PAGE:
It’s July 26, 2022, and Sandhya Parameshwara, Managing Director, Accenture, opens the Women’s Advocacy Summit with a stark wake-up call: There are clear disconnects between business leaders’ perceptions of the importance of workplace culture and inclusivity and those of their employees and the wider public, especially millennials.
Many leaders see culture as difficult to measure and link to business performance. Consequently, other issues often take a higher priority. Parameshwara, however, points to research that suggests that businesses with a strong focus on culture and equality also have staff, particularly women, who are more likely to reach senior positions and benefit from growth through innovation.
Ahead of this curve are the people Parameshwara describes as “culture makers”—those who recognize the importance of an inclusive culture and reward those who strive to achieve it.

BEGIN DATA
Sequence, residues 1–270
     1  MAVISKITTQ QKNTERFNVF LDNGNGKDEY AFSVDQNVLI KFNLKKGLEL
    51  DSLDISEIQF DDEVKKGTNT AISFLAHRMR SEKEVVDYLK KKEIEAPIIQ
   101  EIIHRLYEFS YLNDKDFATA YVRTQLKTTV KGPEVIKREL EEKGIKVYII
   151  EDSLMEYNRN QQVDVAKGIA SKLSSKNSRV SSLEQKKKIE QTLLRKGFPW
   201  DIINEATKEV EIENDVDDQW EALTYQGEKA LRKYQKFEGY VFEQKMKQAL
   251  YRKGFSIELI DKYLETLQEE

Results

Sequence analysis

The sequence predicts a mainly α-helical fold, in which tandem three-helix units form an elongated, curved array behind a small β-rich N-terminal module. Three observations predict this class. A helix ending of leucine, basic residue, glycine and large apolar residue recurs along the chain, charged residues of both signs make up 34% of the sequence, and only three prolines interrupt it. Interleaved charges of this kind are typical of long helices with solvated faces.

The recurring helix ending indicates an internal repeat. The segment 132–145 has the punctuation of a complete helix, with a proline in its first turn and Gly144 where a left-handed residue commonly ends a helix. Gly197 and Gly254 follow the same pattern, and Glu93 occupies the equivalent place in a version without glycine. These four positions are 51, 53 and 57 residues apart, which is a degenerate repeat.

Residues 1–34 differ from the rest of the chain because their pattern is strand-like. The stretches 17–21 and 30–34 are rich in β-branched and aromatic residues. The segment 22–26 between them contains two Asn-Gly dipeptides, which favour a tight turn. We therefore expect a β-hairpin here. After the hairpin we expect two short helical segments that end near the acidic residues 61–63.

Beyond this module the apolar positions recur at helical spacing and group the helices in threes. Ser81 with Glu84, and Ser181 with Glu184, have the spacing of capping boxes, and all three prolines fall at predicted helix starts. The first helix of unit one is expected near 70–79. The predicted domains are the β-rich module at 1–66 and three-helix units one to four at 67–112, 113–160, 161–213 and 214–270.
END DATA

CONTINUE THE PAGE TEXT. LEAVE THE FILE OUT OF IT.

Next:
“Culture makers are the people who say, who do, and then who drive,” she explains. “They are self-aware. They are relevant in the marketplace. They recognize and see the importance of the culture. They promote and advocate progress.”
This notion set the tone for the rest of the Women’s Advocacy Summit, an event hosted in collaboration with the MongoDB Women’s Group, AT&T’s Women’s Group, and Women in Samsung Electronics. Two hundred women tech leaders and their allies came together to discuss the inequality that women continue to face in the workplace, how companies will forge ahead to accelerate their organizations’ equality, and how they’ll work to retain and cultivate their female talent.
The power of courage
Anne Chow, who recently retired as CEO at AT&T Business, is a clear example of a culture maker. Chatting with MongoDB CEO Dev Ittycheria, Chow discusses the value of positive change and shifting corporate dynamics. “There's no question that the future and our present require leaders to become truly inclusive,” she says. “It’s an evolving art and an evolving science.”